First launched by Washington lawmakers under the Tax Reform Act of 1986 and made permanent legislation in 1993, the low-income housing tax credit (LIHTC) was developed specifically to increase the number affordable rental homes here in the United States. The lack of affordable and available housing for extremely low-income (ELI) renter households continues to plague the U.S. A 2016 Affordable Housing Gap Analysis report revealed a severe shortage of accessible rental units to support our country’s 10.4 million ELI households. Leveraging the LIHTC incentive program can help investors and developers lower tax obligations and meet the needs of qualifying ELI households.
LIHTC Basics: What You Need to Know
Like most federally funded tax programs, the low-income housing tax credit is often both misunderstood and underutilized. Knowing some of the basic requirements and potential benefits of this lucrative government incentive can help optimize ROI when participating in the program.
As the most significant source of new, and most importantly, affordable, housing in the U.S., the LIHTC delivers a wide range of benefits to both investors and the surrounding community. As a dollar-for-dollar tax credit, the LIHTC incentive helps lower development debt, minimize the tax burden of owners, and increase the final profit margins of the investment. Additionally, participating in LIHTC development creates job and stimulates the regional economy, promoting further growth and opportunity to locals.
Leveraging the Benefits of the Low-Income Housing Tax Credit: What You Need to Know
Under the current regulations, the LIHTC program does not offer investors housing subsidies. Instead, this dollar-for-dollar tax incentive provides an indirect federal subsidy that can be used to fund both the construction and rehabilitation of cost-conscious rental properties. Qualifying developers are eligible to receive federal income tax credits over a 10-year period as long as they uphold two essential requirements:
- Acquire, rehab, or newly construct rental housing specifically for households that qualify as low income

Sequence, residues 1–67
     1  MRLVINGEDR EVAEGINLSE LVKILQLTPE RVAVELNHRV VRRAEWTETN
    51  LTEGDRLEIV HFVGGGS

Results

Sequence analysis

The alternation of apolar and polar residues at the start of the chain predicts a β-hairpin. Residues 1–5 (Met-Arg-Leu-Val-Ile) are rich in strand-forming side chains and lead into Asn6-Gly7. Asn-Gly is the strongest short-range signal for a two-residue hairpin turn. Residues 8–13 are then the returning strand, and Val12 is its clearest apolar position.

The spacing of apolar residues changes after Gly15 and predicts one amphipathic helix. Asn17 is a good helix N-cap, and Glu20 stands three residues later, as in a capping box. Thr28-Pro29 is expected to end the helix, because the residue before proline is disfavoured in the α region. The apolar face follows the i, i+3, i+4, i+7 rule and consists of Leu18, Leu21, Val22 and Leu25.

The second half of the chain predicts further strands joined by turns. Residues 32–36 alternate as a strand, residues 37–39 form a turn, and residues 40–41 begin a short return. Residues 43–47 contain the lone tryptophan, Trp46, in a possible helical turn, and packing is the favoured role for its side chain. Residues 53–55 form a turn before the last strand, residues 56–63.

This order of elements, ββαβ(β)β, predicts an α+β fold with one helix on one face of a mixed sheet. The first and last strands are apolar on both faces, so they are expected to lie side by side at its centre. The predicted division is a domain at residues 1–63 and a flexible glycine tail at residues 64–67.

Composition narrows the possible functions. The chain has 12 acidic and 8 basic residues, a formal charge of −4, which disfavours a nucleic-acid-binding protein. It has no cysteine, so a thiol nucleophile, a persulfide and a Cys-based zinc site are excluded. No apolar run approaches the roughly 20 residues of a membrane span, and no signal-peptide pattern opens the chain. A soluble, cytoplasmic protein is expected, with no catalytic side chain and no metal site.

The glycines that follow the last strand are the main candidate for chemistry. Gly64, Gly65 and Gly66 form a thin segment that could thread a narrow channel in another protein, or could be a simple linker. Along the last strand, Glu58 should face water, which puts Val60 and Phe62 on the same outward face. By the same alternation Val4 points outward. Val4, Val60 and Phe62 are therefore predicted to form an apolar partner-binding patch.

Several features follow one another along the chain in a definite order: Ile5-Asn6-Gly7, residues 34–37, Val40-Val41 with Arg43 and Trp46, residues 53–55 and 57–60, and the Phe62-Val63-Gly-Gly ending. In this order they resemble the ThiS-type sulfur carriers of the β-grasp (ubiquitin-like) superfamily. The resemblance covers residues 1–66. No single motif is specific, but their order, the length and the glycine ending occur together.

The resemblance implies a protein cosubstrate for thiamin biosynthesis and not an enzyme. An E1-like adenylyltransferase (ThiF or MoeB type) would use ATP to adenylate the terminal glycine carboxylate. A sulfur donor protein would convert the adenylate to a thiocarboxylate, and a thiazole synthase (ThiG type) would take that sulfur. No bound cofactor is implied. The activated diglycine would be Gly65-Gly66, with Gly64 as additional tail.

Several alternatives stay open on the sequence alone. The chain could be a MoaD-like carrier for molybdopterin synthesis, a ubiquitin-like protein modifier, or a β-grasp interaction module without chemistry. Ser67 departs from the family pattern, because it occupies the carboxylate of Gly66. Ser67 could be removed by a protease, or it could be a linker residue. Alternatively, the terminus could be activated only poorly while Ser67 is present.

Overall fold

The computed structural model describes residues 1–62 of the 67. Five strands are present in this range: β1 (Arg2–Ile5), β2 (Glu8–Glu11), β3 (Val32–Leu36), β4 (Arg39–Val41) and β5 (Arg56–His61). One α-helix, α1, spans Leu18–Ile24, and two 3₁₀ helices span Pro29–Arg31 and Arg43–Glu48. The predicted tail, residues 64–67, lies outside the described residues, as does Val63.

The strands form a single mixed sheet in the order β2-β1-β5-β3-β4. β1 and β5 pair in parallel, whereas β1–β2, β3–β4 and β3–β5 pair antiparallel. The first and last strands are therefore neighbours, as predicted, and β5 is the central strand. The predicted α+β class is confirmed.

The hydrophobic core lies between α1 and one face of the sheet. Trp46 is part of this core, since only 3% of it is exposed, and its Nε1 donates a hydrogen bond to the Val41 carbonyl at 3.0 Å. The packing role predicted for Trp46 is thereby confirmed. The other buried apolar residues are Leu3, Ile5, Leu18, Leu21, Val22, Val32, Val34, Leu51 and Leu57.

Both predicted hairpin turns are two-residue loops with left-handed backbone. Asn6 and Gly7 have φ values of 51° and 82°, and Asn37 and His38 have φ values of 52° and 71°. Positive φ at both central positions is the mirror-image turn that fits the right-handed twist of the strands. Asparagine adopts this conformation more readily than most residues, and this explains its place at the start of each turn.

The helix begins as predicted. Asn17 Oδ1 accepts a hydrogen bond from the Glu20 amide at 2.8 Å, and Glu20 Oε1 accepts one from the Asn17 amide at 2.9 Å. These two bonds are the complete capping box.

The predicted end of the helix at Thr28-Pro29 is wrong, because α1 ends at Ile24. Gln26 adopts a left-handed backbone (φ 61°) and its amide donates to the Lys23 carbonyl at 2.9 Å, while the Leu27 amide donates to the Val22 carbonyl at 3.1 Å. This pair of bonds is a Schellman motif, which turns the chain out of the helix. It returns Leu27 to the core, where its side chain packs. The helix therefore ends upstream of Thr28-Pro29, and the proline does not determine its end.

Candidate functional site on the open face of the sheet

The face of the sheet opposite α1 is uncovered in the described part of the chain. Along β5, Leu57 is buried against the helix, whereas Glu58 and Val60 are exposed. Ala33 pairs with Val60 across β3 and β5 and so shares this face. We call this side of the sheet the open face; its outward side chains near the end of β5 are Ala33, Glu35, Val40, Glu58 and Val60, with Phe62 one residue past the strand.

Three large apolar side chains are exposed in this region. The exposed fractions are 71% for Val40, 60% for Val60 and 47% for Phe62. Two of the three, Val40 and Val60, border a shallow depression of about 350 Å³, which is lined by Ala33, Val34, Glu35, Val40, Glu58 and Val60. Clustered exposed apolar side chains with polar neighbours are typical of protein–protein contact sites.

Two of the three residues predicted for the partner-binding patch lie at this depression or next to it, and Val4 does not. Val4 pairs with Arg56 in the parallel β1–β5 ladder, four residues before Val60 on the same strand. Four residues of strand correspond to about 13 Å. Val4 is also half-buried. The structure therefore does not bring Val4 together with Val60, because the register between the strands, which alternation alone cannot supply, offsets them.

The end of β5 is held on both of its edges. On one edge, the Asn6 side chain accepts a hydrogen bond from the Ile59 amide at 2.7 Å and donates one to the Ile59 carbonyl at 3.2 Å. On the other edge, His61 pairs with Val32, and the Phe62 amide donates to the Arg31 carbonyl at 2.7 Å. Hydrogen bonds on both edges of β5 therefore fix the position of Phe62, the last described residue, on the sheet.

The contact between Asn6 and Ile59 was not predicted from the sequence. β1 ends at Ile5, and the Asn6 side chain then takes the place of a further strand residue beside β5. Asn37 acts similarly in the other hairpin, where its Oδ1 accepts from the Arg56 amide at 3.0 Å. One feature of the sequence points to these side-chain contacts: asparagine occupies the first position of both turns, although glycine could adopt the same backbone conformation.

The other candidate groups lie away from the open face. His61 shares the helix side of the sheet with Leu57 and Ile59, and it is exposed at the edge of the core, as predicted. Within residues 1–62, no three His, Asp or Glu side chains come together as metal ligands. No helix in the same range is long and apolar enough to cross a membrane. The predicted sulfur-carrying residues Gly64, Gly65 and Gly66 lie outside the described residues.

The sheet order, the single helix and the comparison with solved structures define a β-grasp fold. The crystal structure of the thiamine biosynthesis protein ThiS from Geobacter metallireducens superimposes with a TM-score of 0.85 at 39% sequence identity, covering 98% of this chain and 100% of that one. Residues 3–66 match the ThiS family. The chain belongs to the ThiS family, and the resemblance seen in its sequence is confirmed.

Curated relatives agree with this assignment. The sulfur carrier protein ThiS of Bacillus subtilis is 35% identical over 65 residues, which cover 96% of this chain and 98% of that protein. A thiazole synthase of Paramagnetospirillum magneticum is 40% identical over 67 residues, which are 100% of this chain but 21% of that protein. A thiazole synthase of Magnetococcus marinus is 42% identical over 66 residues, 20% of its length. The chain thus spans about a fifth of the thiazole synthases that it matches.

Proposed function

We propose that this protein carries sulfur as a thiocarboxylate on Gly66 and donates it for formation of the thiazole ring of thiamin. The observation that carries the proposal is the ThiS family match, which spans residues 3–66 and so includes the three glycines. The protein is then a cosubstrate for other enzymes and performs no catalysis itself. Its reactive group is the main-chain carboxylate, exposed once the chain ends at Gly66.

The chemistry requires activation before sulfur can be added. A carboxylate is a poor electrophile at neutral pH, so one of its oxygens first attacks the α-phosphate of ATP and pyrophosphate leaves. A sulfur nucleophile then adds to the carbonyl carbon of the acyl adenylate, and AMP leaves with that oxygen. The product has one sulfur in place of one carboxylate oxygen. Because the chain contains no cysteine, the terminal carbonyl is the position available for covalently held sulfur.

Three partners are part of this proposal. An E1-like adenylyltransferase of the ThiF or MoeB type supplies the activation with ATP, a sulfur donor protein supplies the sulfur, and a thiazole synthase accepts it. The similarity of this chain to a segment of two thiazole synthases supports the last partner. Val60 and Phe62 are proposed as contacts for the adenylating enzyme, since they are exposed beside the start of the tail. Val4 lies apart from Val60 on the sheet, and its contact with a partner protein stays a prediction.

- Operate the investment project under outlined low-income housing tax credit guidelines over a designated compliance duration
Additionally, the calculation of total eligible tax credits varies based on several key indicators, such as developer investment, percentage of created low-income units, project type, and whether the project is being financed by tax-exempt, private activity bonds.
The LIHTC Utilizes an Indirect Federal Subsidy
As part of the indirect subsidy process, developers sell the use of these credits to investors looking to reduce their overall federal tax burden. Soliciting investor support (also known as capital contribution), can help developers minimize the need for other outside financing, instantly lowering the builder’s total debt/service expenses. By decreasing the debt/service costs, the new development can more readily procure below-market rental revenue.
Qualifying for the LIHTC Benefit: Contact us Today for More Information
The LIHTC benefit covers a wide range of rental property types, including single-family dwellings, apartment buildings, townhouses, and duplexes. To qualify for the benefit, developers or owners must agree to meet the requirements of an income test for tenants to ensure landlords and owners remain compliant with the program. For more information on the benefits of the LIHTC program, contact Leone, McDonnell & Roberts today.